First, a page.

City teen gets 50 years in murder

Boy, 14, died in shooting

one man was injured

March 16, 2002|By Allison Klein | Allison Klein,SUN STAFF

A teen-ager who prosecutors say was "defending his turf" when he blasted 12 bullets into a Southwest Baltimore rowhouse and killed a 14-year-old boy was sentenced to 50 years in prison yesterday.

Jerard "Hotrod" Price, 17, was convicted of second-degree murder and second-degree attempted murder for killing Jerome "Cornelius" Green and wounding Rubin McFadden two days before Christmas 2000.

"What he did was extraordinarily heinous and violent," Assistant State's Attorney Frank G. Rangoussis told Judge Alfred Nance at Price's sentencing yesterday.

Price's attorney Howard Cardin tried to paint a sympathetic picture of his client by saying that Price is intellectually "extremely slow," but was trying to improve himself by taking classes in jail.

Price could be eligible for parole in 30 years.

Rangoussis told the court Price was a drug dealer with a juvenile record who fired his 9 mm handgun into the window of a small rowhouse while it was filled with people, including an 18-month old baby.

Green was sitting on the living room couch in the house, in the 2000 block of Wilhelm St., with friends at 12:45 a.m. when Price knocked on the door, Rangoussis said.

Price was looking for a man he had just argued with, Rangoussis said, and when he was told the man was not there, he walked away. Seconds later, Rangoussis said, bullets exploded through the window. One hit Green in the head.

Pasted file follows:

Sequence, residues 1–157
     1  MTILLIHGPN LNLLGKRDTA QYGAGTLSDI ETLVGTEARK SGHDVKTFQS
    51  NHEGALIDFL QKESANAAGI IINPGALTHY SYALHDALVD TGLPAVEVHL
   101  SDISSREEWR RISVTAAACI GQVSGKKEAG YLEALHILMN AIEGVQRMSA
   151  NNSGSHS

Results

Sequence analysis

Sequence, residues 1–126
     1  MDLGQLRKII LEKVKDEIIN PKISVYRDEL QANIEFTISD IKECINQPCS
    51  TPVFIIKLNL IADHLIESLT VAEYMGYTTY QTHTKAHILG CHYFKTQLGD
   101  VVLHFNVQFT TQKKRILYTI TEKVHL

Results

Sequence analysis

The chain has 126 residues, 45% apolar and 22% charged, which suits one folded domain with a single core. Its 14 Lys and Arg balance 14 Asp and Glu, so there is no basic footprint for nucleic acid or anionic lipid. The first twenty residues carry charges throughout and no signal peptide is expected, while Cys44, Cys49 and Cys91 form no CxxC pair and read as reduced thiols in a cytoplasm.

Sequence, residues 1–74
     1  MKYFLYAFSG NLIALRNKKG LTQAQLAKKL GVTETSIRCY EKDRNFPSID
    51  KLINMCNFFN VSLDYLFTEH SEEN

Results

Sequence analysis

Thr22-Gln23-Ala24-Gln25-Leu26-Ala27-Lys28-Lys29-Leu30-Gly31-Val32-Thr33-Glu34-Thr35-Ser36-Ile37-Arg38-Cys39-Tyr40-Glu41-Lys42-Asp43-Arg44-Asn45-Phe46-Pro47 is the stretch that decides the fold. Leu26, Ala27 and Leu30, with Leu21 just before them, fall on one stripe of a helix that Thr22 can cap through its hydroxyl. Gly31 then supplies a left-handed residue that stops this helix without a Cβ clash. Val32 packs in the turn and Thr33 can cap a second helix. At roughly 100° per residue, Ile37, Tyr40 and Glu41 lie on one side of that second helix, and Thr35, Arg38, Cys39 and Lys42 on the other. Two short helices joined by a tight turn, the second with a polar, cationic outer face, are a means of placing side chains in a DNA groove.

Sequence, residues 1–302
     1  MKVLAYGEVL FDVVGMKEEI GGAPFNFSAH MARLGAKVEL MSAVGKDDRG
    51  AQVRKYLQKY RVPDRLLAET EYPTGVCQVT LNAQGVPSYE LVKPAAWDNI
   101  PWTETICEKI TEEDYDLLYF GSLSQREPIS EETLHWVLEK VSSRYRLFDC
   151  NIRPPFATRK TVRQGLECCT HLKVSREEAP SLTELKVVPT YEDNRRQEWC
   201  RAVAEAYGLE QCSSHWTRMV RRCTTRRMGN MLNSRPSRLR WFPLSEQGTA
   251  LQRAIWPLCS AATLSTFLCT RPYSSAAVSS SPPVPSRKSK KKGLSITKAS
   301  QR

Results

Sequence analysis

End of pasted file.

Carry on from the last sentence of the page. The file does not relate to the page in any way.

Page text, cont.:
"He was trying to make himself a bigger and better drug dealer and prevent others from coming on his turf," Rangoussis said.

Green died hours later at Maryland Shock Trauma Center. McFadden, 22, who was hit in the right buttock, was treated at the hospital and released.

Price, who was 16 at the time of the crime, learned to read while sitting in jail, Nance said.

Price told the court in a small, high-pitched voice yesterday that he didn't kill Green, but was sorry he was dead.

The victim's stepfather, Ralph Watson, spoke to the court and described his anguish over losing his stepson.

"I cannot say the pain this has brought my family," Watson said. "I will not be able to see my stepson grow up and become a man and have his own children."

When drugs and guns are together, Nance said, there is only one result.

"Your client for the first time can read because he was incarcerated," Nance told Cardin. "But that does not bring back the boy who was killed."

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